The perfect storm of all of this meta-commentary arrives in the third act of the film in which there is a giant party at a barn in the middle of the woods—the party a trope of the genre, which, of course, is pointed out by many of the characters. The reason for the party is ‘Stabfest’, a movie-watching ritual in which one would take in all seven ‘Stab’ films back to back, which includes shouting out classic lines of the film and even wearing Ghostface masks. Of course, this event could only occur in Woodsboro, the fictional town made even more fictional by the ‘Stab’ series. While celebrating morbidity is nothing new—the ghost tour/murder walk is a million-dollar business—the fact that students would still attend ‘Stabfest’ while the teen-targeting slasher is on the loose is a new concept altogether. It has long been stated that people desire to be scared in a way to feel mortality in a safe environment: we watch actresses get stabbed in the heart so we can feel their plight without feeling the knife. Furthermore, the dichotomy of fear and relief is such a large one that people wish to be frightened so that when they are no longer in harm’s way (or they snap out of the movie-watching experience) they feel a sense of euphoric reprieve. There’s even a sense of betting against cliché: there’s no way that someone would get killed while watching other people get killed! That would be way too much of a coincidence! In a way, thinking about (or witnessing) morbid and gruesome acts is very calming: when walking home through a rough neighborhood, we think of all of the potential possibilities of what could happen to us—that if we think of it, there’s no way it could occur. During the process we scare ourselves, half to death, but maybe it makes us walk a little bit faster: it’s our own built in panic button that both creates and suppresses the fear. So, of course one would attend a film festival based on a murderer that has suddenly resurfaced: what are the odds that they’ll strike here?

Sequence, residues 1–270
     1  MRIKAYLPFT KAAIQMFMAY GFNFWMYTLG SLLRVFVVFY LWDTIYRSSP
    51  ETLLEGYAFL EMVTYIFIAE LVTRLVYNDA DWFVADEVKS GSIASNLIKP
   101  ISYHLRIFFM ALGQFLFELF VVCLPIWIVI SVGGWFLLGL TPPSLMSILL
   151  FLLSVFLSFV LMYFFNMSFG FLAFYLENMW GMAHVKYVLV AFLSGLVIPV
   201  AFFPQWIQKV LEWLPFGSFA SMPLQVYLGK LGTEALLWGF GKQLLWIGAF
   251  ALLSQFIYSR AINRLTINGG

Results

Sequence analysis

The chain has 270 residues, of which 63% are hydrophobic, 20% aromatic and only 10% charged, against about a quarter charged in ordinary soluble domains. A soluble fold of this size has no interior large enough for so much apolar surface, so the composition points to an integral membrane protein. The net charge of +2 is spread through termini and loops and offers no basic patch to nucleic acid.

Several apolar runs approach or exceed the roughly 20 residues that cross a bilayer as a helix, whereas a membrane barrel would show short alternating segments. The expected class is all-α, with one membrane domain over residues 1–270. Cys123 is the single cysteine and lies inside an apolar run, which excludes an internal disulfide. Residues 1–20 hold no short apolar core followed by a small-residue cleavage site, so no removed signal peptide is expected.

And yet when the first girl to take her top off signs her death warrant, I can’t help but think of my first-worst date story: the countless retellings of it to friends, strangers at parties, even my students, in hopes of demonstrating a small sense of pathos, to let them know that I am human and I am capable of being split open like a pepper; that if you stab me, I’ll bleed out. “Have I thought of the body as sanctuary?” Lia Purpura asks in her essay Autopsy Report. “A safe, closed place like the ark from which the Torah is taken and laid out on a table to be unscrolled. Two sides parted, opened like, soon I’d know, a rib cage, that a hand with a sharp-tipped pointer might lead the way over, reading towards depth.” That by telling this story of failed love, I am somehow saving myself from future heartbreak? That by summoning the story of the demon I keep the demon at bay? Or perhaps the “rules have changed”, as so often uttered in the movie: that these confessions of teenage love don’t work anymore—that we are tired of these things, that by expressing our failures we are becoming the cop ready to retire, the marine with the new baby, the man who just proposed. Or are we like my date’s mother—thrown into a situation we are not ready to unravel from ourselves—instead, we watch a narrative unfold while a narrative unfolds, horrified, no doubt, yet when asked our favorite scary movie, we reply with this one.